Newsletter Subscription

Regular Updates on Parenting, Happy Children & Emotional Intelligence

  • Latest Articles - Raising Children with Emotional Intelligence
  • New Parenting Blogs
  • Parenting Tips for Happy Children
  • Free Online Seminars
  • Popular Parenting Books & Reviews

Subscribe!

Regular Updates on Parenting, Happy Children & Emotional Intelligence

  • Latest Articles - Raising Children with Emotional Intelligence
  • New Parenting Blogs
  • Parenting Tips for Happy Children
  • Free Online Seminars
  • Popular Parenting Books & Reviews

CAPTCHA
This question is for testing whether you are a human visitor and to prevent automated spam submissions.
Image CAPTCHA
Enter the characters shown in the image.
Unsubscribe

Blog Archives

View full Archive

Proudly Supporting

Proudly Supporting

Parents and Children - Who is Raising Who?

By Sally Collings - 2nd May 2011

My six-year-old daughter has decided that she is going to be a builder. I’m over the moon. She is very logical, she loves constructing things – we have a large collection of artifacts made of boxes and masking tape to prove it – and I can tell you that she 'don’t take no nonsense from no one'. I’d get her to build my house any day.

I suspect that we all have a secret (or not so secret) wish list for our children. Maybe you want yours to be strong, or resilient, or kind, or loving, or successful – or all of the above.

What I would really love to see in my children’s lives is richness and authenticity. I don’t really mind if they don’t become CEO of a multinational corporation or an Oscar-winning actor, but I do care that they have every opportunity to find the thing that makes their heart sing, whether that’s building or painting or writing or designing gardens or cutting hair. Supporting me in comfort in my old age would be nice too.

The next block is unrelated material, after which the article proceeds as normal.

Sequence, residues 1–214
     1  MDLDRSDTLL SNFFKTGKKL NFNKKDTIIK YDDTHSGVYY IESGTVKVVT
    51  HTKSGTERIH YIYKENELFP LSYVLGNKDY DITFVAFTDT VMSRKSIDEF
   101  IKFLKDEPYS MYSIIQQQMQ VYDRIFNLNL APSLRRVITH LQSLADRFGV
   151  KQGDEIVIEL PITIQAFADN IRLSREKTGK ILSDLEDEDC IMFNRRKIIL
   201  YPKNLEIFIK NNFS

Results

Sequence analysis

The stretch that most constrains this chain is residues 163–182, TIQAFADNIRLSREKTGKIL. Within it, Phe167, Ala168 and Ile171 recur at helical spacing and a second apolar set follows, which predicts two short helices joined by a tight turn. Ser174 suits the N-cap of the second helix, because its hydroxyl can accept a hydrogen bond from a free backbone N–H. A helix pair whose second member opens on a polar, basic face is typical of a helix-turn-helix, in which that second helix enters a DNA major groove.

Maybe you want your child’s life to be better than your own. Or to take that idea one step further, maybe you want your child to be better than you. After all, parenting is about leading, nurturing and moulding. Or is it? In the process of parenting, are we changing our children – or ourselves?

From the instant you hold your newborn baby, you start to change. Your heart melts and breaks and some of us are forever softer. I am resigned to the fact that I’m a cinema sobber now: even Disney schmaltz like Beauty and the Beast can reduce me to tears.

So who is changing the most here? There’s no doubt that the way we speak to our children, the way we touch them, the activities we offer them, the paths we encourage them to take, this parent-child relationship – all of that affects their lives in the deepest way. At the same time, our children enable us to shed our skins and become something new.

Shefali Tsabary is a clinical psychologist based in New York, who writes about conscious parenting. She says, “When we parent with the understanding that our children are born to us to create profound internal change within us … the axis upon which the parent-child dynamic rests shifts.”

I guess it’s a micro version of the challenge Mahatma Ghandi offered us: “be the change you want to see in the world.” Who you are and who you are becoming will be the one thing that most profoundly affects who your children become.

With our children, all the guards are down. They see us in the shower, on the toilet, laughing, crying, shouting, sleeping (although that last one is a 'maybe'). “There is no other being with whom we will be given such an opportunity for intimacy as with our children,” says Shefali Tsabary. It’s through that intimacy that we learn so much about ourselves: the things that make us angry and afraid, as well as the enormous restraint and compassion of which we are capable.

Parenting: it really is the best way to raise ourselves.

Editor's Note: Sally Collings' new book 'Parenting With Soul' is now available.

image freedigitalphotos.net graur codrin

Member Login

Subscribe to our Blog